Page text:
How to Explore your Interests to help Choose your Speciality

Kristen Campbell
Apr. 23, 2020
10-minute read

As you begin your medical school journey, your medical specialty might be the last thing on your mind – it could also be the first. Whether you’ve been thinking about your specialty for your whole life or you’re just entering medical school now, keep an open mind. Your medical degree can take you down many different paths – which one you choose will depend on what is the best fit for you.

Here are some questions to guide your decision-making:

1. What did you enjoy in school?

The key to finding a great career in medicine is focusing on where you are most passionate. As a doctor, you will be at your best when you’re excited, interested, and engaged with the work in your field. To find the best area to do this, focus on what you like to study. Are you interested in certain parts of the body or groups of diseases? Did you find an area of your medical school coursework particularly interesting or engaging? If you’re just beginning medical school, think in broad terms – if you liked your anatomy classes, you might find a surgical field to be a good fit. If you enjoy learning about the brain, you might pick a career in neurology. If you’re already in medical school, focus on the classes you have already taken. Which ones did you enjoy? Which parts of the body do you find interesting? Let your natural skillset and interests guide your decision-making, and you’re sure to end up somewhere you really thrive.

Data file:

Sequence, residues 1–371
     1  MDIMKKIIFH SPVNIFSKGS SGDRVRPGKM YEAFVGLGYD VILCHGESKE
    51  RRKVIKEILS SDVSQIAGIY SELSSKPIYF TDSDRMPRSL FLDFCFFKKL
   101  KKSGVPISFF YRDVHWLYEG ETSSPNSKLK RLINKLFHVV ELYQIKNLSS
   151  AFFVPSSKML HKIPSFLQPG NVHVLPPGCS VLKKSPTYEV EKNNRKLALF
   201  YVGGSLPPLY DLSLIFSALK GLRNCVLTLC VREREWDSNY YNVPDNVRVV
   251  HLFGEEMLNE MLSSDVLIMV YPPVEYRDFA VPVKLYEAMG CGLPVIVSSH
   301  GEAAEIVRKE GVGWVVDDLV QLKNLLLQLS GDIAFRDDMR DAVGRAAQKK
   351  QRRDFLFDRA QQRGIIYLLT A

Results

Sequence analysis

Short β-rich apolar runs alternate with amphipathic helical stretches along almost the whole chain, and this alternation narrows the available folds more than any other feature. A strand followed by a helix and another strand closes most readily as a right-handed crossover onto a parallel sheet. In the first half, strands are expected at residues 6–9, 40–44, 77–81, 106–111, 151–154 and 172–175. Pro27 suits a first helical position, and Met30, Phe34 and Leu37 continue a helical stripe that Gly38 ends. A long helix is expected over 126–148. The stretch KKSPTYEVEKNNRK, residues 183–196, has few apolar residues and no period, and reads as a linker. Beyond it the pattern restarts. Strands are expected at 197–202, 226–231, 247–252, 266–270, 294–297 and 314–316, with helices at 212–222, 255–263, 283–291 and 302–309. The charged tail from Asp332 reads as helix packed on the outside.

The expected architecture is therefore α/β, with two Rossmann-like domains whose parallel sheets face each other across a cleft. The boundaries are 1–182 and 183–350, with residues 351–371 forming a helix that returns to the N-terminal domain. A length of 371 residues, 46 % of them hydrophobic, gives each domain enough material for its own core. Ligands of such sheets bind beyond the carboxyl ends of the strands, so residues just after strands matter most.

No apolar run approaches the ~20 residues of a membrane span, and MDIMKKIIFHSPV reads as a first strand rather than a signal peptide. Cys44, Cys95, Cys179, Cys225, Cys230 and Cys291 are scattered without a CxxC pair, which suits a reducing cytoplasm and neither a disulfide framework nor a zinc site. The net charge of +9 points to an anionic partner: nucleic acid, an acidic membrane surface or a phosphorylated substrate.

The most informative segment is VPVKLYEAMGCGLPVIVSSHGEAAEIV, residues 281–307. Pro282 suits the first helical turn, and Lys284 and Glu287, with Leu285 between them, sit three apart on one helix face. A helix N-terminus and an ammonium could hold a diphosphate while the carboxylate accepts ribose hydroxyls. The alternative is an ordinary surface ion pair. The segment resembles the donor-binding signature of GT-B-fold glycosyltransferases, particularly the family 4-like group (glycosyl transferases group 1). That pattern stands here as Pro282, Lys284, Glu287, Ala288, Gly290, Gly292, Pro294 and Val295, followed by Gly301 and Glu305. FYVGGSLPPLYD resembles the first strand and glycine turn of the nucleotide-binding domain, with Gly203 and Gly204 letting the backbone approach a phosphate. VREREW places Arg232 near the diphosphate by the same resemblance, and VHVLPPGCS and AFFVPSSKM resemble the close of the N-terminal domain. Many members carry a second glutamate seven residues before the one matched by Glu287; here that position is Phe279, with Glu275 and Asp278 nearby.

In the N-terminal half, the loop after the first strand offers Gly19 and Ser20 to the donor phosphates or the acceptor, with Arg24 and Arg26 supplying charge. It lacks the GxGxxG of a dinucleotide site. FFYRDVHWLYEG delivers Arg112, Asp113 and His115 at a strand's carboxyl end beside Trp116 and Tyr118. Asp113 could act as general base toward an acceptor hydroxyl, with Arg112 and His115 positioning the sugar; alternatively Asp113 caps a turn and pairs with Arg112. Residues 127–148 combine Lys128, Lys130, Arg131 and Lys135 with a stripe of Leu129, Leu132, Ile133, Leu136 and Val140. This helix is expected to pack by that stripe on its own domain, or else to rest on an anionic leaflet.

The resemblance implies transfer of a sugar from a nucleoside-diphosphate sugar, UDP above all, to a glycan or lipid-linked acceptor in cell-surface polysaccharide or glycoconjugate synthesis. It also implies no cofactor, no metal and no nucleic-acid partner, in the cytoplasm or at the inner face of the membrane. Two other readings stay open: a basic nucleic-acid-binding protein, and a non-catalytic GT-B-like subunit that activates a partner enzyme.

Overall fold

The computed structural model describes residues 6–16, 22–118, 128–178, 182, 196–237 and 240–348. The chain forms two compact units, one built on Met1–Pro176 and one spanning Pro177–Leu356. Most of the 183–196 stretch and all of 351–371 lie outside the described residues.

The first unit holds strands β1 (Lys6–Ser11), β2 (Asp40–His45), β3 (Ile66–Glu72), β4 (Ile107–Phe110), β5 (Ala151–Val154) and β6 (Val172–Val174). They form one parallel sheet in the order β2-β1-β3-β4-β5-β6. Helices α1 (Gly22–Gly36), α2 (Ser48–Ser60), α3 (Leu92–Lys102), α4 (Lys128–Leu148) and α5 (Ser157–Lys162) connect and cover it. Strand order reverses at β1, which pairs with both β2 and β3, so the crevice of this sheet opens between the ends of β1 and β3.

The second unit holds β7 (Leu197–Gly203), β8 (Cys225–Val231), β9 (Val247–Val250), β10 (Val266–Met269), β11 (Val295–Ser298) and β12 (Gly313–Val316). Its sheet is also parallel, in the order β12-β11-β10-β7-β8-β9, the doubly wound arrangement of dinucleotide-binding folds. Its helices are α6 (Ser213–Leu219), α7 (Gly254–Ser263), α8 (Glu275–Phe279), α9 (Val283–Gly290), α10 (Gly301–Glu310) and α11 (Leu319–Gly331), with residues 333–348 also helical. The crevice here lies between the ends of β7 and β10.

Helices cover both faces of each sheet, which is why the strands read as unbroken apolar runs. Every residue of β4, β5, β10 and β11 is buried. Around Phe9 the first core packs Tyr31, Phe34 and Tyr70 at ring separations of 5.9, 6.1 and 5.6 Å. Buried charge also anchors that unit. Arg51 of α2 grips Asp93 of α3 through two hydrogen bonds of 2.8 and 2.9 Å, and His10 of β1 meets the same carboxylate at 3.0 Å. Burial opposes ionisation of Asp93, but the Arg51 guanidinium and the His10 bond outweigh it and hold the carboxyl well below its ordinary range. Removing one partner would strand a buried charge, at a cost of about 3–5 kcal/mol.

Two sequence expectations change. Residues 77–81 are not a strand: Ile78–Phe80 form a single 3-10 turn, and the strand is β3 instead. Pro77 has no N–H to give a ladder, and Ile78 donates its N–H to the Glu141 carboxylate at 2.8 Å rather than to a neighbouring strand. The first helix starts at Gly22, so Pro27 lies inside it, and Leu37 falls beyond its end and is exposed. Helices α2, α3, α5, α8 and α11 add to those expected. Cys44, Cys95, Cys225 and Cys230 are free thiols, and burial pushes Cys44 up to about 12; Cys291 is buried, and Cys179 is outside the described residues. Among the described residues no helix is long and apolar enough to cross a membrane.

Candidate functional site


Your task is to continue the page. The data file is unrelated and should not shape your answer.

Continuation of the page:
2. Who do you want to serve?

For many medical students, their main drive into a career in medicine is a desire to help people get better – so to choose your specialization, figure out who you want to help and why. Do you enjoy working with patients, or are you more interested in the specialized procedures? Are you comfortable with having long lasting patient relationships, or would you rather work with patients on a case-by-case basis? The answers to these questions will impact the field you choose to work in. If you thrive under pressure, you might consider a career in emergency medicine. If you are a great people person, family or internal medicine might be the career path for you.

Make sure to balance the topics you love to study with your attitude to your patients. If you enjoyed your pharmacology classes but love working with patients, it might not make sense to choose a career in anesthesia. The right career path will balance all your skillsets, so keep an open mind.